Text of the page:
There are few bands that have become more ingrained into the fabric of pop culture than the Beatles, and there are few urban myths about rock stars that have reached a similar saturation point than the classic “Paul is dead” theory—sorry, 27 club. Maybe it happened the first time you saw your parents' copy of Abbey Road and either mom or dad explained the significance of Paul McCartney’s bare feet, or maybe it’s something you stumbled across on the internet. If you’re a bit younger, maybe this is even your first time hearing about it! Either way, it’s perhaps the most pervasive conspiracy theory regarding a celebrity out there, and it became something of a prototype for many similar rumors about secret cover-ups of celebrity deaths and disappearances. So how did the “Paul is dead” theory become such a cultural mainstay?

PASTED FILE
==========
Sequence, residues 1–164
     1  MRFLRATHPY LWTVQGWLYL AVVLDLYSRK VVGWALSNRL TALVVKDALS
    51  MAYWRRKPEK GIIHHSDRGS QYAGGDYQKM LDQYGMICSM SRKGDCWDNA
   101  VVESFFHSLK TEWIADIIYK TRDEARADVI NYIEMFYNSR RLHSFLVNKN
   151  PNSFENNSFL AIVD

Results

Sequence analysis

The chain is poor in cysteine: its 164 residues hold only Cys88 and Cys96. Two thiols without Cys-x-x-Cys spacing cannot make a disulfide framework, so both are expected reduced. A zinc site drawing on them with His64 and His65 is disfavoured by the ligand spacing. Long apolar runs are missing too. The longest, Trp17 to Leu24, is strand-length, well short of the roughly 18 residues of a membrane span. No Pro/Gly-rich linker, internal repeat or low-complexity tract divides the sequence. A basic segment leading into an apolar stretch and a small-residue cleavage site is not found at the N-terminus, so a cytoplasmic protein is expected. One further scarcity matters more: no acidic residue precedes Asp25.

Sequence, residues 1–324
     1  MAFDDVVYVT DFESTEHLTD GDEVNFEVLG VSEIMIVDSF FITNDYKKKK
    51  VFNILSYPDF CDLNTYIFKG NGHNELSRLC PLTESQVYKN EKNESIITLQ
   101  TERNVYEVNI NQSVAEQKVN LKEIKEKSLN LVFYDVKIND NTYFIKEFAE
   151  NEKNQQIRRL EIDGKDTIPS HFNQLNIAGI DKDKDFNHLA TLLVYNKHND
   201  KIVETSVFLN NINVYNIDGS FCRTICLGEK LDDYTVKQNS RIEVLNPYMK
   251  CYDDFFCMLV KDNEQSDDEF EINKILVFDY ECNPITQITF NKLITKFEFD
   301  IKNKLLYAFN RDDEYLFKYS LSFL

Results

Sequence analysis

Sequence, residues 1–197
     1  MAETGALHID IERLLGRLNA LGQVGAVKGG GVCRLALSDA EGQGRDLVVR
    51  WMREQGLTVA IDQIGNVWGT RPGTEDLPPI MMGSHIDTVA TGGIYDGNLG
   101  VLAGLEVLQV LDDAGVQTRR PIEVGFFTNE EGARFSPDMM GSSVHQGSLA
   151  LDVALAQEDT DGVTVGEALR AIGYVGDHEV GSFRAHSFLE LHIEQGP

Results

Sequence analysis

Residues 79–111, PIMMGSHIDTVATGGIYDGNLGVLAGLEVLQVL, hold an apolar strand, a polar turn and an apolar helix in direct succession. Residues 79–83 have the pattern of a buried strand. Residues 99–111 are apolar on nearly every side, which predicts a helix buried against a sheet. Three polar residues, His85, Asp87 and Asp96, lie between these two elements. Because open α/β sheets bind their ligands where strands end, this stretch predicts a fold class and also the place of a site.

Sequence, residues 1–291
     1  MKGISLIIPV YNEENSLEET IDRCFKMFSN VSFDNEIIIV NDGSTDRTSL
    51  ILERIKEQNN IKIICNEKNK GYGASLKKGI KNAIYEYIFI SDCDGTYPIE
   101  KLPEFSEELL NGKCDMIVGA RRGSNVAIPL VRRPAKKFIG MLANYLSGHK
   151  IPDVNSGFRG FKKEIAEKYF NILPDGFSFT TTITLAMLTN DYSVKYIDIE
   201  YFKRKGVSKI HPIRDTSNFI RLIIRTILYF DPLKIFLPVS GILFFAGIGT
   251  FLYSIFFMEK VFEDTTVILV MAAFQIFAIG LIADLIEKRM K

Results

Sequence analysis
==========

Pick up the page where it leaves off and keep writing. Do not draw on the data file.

The rumors emerged at a time when the Beatles were not only in the process of disbanding, but McCartney had largely been absent from public life, retreating with his wife and kids to a farm in Scotland. It began with a rumor that Paul had died in a car accident in 1966 or 1967. The story spread throughout London, and by 1969 it was down on paper in an article in Drake University’s student newspaper. It reached a point that by October 1969, the Beatles’ management was forced to respond. Their press officer acknowledged that he’d been asked about Paul’s well-being for years, but that the stories had recently reached a saturation point. Of course, even that simple acknowledgement further stoked the fire, and it became a talking point on rock radio stations on both sides of the Atlantic. While John Lennon referred to it as good publicity for the upcoming release of Abbey Road, Ringo Starr did bother to categorically deny that Paul was dead.